It is as with His speaking through Bileam (Numbers 23-24). While Moses says in several speeches to Israel that they are rebels, God makes Bileam say in the presence of Balak: “He has not observed misfortune in Jacob; Nor has He seen trouble in Israel; The LORD his God is with him, And the shout of a king is among them” (Num 23:21). When God positions Himself against His people, He acts with them according to His righteous demands. He reminds them of their deviation and chastises them for their sins. But before the enemy, God always stands up for His people (Psa 105:12-15).
No enemy has the right to humiliate, despise, or plunder God’s people. If that happens, He shows what His people mean to Him and that no one can touch the “apple of His eye” with impunity (Zec 2:8). It is like with a disobedient child. The parents will punish the child for his behavior. But if someone else want to harm their child, they will stand up for him.
It is as if God is challenged by the attitude of the enemy to give a testimony of what His people mean to Him. Every attack of the enemy brings forth what is in God’s heart for His own. When God opens His heart over His own in their value to Him above those who are hostile to Him and His people, we hear the most beautiful and exalted things.
It is beautiful to see that on the cross. That is where man’s enmity has become most manifest. On the other hand, there is also the great manifestation of Who God is as light and love, especially in the face of man who rejects Him in His Son. The “chief” of sinners, Paul (1Tim 1:15), can thus become someone to whom God communicates His most glorious mysteries (Eph 3:2-11).
Edom, symbol of hate
In the hatred of Edom another general principle is expressed. In Edom, we see the hatred and enmity of the flesh toward God (Rom 8:7-8) and what belongs to God. Edom is the symbol of hatred for what God chooses. As long as Edom is not confronted with God’s people, it does not become public. But as soon as that confrontation is there, what is dormant present emerges in all intensity.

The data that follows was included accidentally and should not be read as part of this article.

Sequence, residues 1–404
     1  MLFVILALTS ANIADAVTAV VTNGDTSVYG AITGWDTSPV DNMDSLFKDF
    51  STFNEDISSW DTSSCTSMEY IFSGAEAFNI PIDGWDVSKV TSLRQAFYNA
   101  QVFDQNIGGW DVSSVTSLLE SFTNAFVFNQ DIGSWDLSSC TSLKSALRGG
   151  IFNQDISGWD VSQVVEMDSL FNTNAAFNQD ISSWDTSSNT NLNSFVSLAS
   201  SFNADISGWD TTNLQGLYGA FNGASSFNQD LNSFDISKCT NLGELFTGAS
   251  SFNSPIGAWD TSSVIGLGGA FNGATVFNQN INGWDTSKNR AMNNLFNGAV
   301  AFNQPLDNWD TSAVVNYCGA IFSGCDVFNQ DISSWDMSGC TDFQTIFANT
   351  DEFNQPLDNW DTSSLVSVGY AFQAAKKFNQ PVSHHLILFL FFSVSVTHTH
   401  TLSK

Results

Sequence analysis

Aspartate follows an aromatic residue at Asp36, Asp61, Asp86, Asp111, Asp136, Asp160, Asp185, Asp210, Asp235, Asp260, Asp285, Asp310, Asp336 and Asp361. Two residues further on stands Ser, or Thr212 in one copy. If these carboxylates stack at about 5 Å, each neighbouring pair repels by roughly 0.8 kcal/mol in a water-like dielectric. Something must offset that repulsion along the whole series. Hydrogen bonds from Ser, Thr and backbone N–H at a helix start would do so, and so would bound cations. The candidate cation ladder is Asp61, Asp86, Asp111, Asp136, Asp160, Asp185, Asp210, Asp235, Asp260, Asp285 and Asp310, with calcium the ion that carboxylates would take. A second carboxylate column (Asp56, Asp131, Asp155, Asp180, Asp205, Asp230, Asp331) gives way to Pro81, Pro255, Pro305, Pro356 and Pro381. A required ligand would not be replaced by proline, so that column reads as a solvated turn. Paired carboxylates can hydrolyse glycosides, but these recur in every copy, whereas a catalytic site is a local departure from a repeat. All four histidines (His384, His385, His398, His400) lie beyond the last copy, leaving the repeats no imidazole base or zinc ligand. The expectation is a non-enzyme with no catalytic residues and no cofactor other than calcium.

This can also be seen in the preaching of the gospel. People who appear to be neat shoppers suddenly express themselves in biting mockery or snarling annoyance when you offer them a gospel tract. No one knows himself until he comes into contact with what is of God. That is the true and decisive test for the soul. Christ is the perfect criterion and the perfect standard because only He is the perfect revelation of God.
Division of Obadiah
Obadiah’s prophecy can be divided in detail as follows:
I The message of the LORD (Obadiah 1:1)
II The humiliation of Edom (Obadiah 1:2-9)
a. Edom’s character (Obadiah 1:2-4)
1. Edom’s future smallness (Obadiah 1:2)
2. Edom’s current pride (Obadiah 1:3-4)
b. Edom’s disaster (Obadiah 1:5-9)
1. Edom’s plundering (Obadiah 1:5-6)
2. Edom trapped (Obadiah 1:7)
3. God’s initiative (Obadiah 1:8-9)
III The indictment against Edom (Obadiah 1:10-14)
a. The reason for the indictment (Obadiah 1:10)
b. The statement of the indictment (Obadiah 1:11-14)
1. The indictment described (Obadiah 1:11)
2. The indictment repeated and supplemented (Obadiah 1:12-14)
IV. The day of the LORD (Obadiah 1:15-21)
a. The judgment on Edom (Obadiah 1:15-18)
b. The occupation of Edom and other territories (Obadiah 1:19-20)
c. The kingship of the LORD (Obadiah 1:21)
A more global division is in three parts:
I The downfall of Edom and its destruction (Obadiah 1:1-9), with
1. the council of the LORD to make Edom small by hostile nations and to cast him from his certain height of rock castles (Obadiah 1:1-4); and
2. a painting in bright colors of how Edom is completely plundered by enemies and abandoned and deceived by his allies and friends and goes down powerless (Obadiah 1:5-9).
II The cause of his downfall (Obadiah 1:10-14).
III The exercise of righteousness over the nations and Edom and the establishment of the kingdom in Israel and its restoration and victory (Obadiah 1:15-21).